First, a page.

Community Banks Miss Out on Pay-for-Sale Advertising

Community Banks Miss Out on Pay-for-Sale Advertising

Radio listeners believed that Nixon won the first 1960 debate, while TV viewers gave the edge to the youthful Kennedy. This factoid has since become a cautionary tale about the importance of adopting new media, but it misses the mark. Nixon, indeed, had already been a television pioneer. Eight years earlier, as Eisenhower’s Vice President, he appeared in the first such campaign ads of the new medium.

For bankers then, the more nuanced lesson should be clear. Adapting to new mediums is a job that never ends. But why then are so many buying digital advertising as they have always done, despite a recent estimate in the Harvard Business Review that half of the $50-billion-a-year digital marketing industry is fraudulent?

Bot traffic. Fake publishers. Simulated page views. Programs designed to “click” through ads. All designed to increase traffic in a world where fees increase whether a human eyeball sees the ad or not. This should be a concern for anyone with digital advertising programs, but HBR reports that pay-per-lead or pay-per-sale models only account for 15% of the digital advertising market.

Affiliate marketing and pay-per-sale models work a lot like the name suggests. The publisher only gets paid when a user clicks through and actually buys a product. The old adage, of course, was that half of advertising is wasted but it was impossible to tell which half. The promise of a pay-per-sale model is that nothing is wasted.

The concept hasn’t caught on with banks yet.

“No, I don’t know what that is,” said a CMO at a Texas mid-tier bank when I asked if the bank did affiliate marketing. “We are new to this (online account opening) and have not thought about how to promote these accounts.”

“We have some banner ads on a few local newspaper sites that promote the bank as a whole,” said a marketing officer at a Mountain West mid-tier bank when asked if the bank digitally promoted its checking product, which could be opened online. The banner ads she said were place a lot like traditional media, with last year’s budget as the guide.

That banks wouldn’t be using pay-per-sale models isn’t surprising since a sale of many core products couldn’t occur online until recently. But now that so many banks have adopted online accounting opening for more products –including traditional demand deposit accounts — is it time for that to change?

A select few banks have changed and added pay-for-sale offers to their sales and marketing efforts. At Commission Junction, a leader in the online affiliate marketing industry, there are offers from BBVA Compass and Discover Bank. For example, at current terms, BBVA Compass is offering a publisher $50 when a user submits a completed application for its ClearChoice Free Checking account.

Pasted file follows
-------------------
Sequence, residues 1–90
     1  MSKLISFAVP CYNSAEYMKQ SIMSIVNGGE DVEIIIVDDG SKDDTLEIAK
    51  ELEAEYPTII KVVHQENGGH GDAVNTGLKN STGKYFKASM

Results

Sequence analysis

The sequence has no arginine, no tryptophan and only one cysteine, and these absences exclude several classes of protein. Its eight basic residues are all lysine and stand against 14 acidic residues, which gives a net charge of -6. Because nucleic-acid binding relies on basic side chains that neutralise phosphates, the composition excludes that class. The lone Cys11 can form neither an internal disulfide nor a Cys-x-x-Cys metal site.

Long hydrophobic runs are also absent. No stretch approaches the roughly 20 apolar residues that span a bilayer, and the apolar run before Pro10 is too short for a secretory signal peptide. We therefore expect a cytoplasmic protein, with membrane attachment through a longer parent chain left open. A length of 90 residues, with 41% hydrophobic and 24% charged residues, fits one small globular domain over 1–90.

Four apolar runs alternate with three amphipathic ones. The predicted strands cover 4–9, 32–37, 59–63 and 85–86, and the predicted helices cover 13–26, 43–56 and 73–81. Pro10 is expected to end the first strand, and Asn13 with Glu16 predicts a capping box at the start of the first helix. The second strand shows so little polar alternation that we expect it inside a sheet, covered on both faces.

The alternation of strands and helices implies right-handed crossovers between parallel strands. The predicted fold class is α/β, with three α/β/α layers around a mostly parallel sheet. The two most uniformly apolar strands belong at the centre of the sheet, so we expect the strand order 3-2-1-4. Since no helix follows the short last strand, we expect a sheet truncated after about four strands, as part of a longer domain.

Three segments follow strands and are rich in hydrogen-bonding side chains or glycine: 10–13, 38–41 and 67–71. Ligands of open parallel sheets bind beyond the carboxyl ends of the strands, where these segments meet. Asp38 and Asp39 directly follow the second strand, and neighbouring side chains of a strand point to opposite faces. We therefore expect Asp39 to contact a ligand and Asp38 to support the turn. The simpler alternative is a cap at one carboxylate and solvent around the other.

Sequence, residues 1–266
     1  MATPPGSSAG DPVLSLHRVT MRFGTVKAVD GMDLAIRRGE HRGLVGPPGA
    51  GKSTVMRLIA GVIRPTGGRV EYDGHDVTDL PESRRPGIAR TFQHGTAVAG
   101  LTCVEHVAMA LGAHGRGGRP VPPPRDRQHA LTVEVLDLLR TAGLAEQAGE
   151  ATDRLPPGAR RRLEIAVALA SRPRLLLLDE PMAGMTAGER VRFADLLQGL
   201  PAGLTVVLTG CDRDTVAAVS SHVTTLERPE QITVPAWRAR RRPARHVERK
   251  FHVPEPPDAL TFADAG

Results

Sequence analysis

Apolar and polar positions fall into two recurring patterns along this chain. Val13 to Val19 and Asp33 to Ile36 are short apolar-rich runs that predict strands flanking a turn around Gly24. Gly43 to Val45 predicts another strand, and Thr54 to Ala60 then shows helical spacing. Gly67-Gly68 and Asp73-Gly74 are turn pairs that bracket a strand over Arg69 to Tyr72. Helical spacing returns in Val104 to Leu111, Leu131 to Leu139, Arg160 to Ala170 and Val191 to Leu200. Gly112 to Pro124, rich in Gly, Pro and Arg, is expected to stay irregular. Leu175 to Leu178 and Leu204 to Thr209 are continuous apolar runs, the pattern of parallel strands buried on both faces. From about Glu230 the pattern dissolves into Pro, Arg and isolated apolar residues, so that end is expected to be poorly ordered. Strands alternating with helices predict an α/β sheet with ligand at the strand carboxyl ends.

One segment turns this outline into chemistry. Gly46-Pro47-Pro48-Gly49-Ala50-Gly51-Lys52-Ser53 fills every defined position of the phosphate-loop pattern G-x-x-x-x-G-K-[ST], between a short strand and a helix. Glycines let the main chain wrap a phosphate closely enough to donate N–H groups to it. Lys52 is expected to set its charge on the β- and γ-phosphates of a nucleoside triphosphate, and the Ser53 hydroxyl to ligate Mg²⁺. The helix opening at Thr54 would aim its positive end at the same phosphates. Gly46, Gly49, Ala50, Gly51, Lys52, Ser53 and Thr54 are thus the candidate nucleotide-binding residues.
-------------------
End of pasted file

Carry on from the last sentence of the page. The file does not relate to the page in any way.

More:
The publisher must be signed up with Commission Junction and must request to publish the offer. Once permission is granted, the ad then appears on the publishers’ website. The magic is this: a million bots (or humans) might review the ad, but if no one signs up for the checking account, then BBVA Compass pays nothing.

The strategy has some risk. The advertiser reviews the publishers before granting permission, but no website is static. Let’s say Bank A grants permission through its affiliate network for Mommy Blogger to place ads for the Bank A checking account on her site. In the pay-for-impressions model, Mommy Blogger may have been generally indifferent to her advertisers. Now, since she only receives compensation when one of her readers opens a checking account at Bank A, she’s incentivized to direct attention to the Bank A advertisement.

In part, this is the desired outcome. But the trouble arises if she begins making deceptive misrepresentations in order to induce her readers to open accounts at Bank A. If a bank discovers or becomes aware of the misrepresentations, it could be held liable for the misrepresentations.

To minimize the risk, select and manage publishers almost like employees. The newer ones require a little more oversight and more periodic reviews. Add terms to the offer on the affiliate network to control the content of the publishers. Thus, if a publisher can’t use the words “Bank A” or “checking account” in its content, making misrepresentations becomes more difficult.

Of course, at anytime a rogue employee can go off program and so it is with affiliate publishers as well. The risk will never be zero, but on the other hand, a bot reading an ad will never become a bank customer.


#FinTech #digitaladvertising #communitybanking


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